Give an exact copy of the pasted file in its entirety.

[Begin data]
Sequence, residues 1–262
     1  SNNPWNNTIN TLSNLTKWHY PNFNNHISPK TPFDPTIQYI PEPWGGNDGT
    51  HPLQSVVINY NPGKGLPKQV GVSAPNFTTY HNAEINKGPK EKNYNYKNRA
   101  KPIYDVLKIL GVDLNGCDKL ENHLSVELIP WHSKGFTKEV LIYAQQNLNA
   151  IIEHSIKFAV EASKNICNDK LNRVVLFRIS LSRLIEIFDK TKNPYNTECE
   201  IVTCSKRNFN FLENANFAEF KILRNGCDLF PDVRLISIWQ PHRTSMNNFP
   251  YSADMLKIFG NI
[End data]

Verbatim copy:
Sequence, residues 1–262
     1  SNNPWNNTIN TLSNLTKWHY PNFNNHISPK TPFDPTIQYI PEPWGGNDGT
    51  HPLQSVVINY NPGKGLPKQV GVSAPNFTTY HNAEINKGPK EKNYNYKNRA
   101  KPIYDVLKIL GVDLNGCDKL ENHLSVELIP WHSKGFTKEV LIYAQQNLNA
   151  IIEHSIKFAV EASKNICNDK LNRVVLFRIS LSRLIEIFDK TKNPYNTECE
   201  IVTCSKRNFN FLENANFAEF KILRNGCDLF PDVRLISIWQ PHRTSMNNFP
   251  YSADMLKIFG NI